I still don't think James would be happy to have his tapestries sold in a thrift store, but I am grateful that I saw that email and they are now appreciated by two of his former students. This piece, the title of which I have not yet found, can be a reminder of where I came from and the principles that James taught me, both the ones I cling strongly to and the ones I have rejected. It will also remind me of the importance of focus and doing my own most important work every day.
Jeremy Koehler, unknown title, 1995, 60 x 60 inches, tapestry
If you don't know the story of James, he published an autobiography with Carol Greene before he died. You can buy a copy HERE. When he wove this piece in the mid-90s, he was still going by the name he took as a Benedictine monk, Jeremy. a few years later he went back to his given name, James. He did these pieces in series. I don't know if other pieces of this design exist out there somewhere since this was number one. If you have one or have seen one somewhere, please let me know!

Do you have a piece made by someone who has influenced your artistic practice or your creative life in some way? I'd love to hear about it in the comments!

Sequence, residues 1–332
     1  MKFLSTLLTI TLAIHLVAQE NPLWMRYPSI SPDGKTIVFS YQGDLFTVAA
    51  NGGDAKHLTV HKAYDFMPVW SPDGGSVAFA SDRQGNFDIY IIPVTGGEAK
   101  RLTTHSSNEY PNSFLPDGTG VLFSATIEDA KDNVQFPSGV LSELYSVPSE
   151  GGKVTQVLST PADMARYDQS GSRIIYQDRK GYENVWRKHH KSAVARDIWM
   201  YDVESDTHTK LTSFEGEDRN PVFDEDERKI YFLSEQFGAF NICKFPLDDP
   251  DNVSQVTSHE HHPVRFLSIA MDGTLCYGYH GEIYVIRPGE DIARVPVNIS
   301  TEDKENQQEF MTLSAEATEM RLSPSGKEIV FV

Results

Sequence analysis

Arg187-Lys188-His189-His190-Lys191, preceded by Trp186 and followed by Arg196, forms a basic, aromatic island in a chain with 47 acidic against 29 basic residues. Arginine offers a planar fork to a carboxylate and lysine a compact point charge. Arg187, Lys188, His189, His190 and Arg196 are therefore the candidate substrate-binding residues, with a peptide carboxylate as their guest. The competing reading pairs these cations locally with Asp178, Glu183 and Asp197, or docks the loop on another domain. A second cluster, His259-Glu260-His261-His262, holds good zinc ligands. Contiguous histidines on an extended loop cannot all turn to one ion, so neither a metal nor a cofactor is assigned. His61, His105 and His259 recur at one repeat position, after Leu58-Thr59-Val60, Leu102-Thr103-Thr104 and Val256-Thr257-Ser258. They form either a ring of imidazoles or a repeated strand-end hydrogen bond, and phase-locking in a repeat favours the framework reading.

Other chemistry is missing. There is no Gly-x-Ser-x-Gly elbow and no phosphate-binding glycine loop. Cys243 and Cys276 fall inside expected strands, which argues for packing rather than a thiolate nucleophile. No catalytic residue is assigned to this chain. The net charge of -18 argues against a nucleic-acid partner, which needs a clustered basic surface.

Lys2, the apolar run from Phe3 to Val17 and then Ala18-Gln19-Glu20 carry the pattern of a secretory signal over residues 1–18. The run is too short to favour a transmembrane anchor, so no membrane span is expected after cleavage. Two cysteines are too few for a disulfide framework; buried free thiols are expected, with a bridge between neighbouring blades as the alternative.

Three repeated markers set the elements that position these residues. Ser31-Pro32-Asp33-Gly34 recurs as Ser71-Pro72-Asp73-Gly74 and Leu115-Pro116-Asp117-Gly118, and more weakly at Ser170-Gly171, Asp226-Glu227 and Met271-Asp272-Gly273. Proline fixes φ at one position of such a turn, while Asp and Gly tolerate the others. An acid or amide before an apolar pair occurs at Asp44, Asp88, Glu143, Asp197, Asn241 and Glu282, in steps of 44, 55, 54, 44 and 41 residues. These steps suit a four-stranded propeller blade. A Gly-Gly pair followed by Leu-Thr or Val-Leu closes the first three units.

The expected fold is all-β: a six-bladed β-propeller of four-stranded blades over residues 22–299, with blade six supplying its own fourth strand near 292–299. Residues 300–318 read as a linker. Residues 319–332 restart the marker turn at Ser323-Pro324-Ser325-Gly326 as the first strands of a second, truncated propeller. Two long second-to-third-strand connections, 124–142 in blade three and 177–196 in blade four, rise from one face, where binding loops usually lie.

Sunday, May 1, 2016

Rookie mistake

I've been dyeing for a long time--over a decade. I use acid wool dyes, sabraset and lanaset dyes from Earth Guild and PRO Chemical and Dye. They are the same dyes, they just have different trade names. And of course the colors are slightly different. For some reason, the last time I did a lot of dyeing, I decided that I was going to start using just one company, PRO Chemical and Dye. I guess I thought it would be easier and a little cheaper to source my dye from one place and I was using Deb Menz's dye books and formulas for some of my experiments and she uses their dyes.

However, this led me right into this weekend's rookie mistake.
That beautiful blue yarn is made in part with Blue 2R, a dye made by Earth Guild. I have been using this lovely dye for a decade. I love it. Why would I abandon it?

I started dyeing the blues for the next tapestry late last week. As I began measuring the dyes for the first eight colors, I started to panic a little bit because the jar was almost empty. Searching through my two small boxes of dye powders, I realized there was no new jar.

No. New. Jar.

Then I remembered the aforementioned clearly delusional decision to stop using Earth Guild dyes.

I realized I had enough for the eight colors, and thought, oh great, I'm going to make it!
Only to remember that I had nine more blues to go for this piece and there was no way any other dye could be substituted.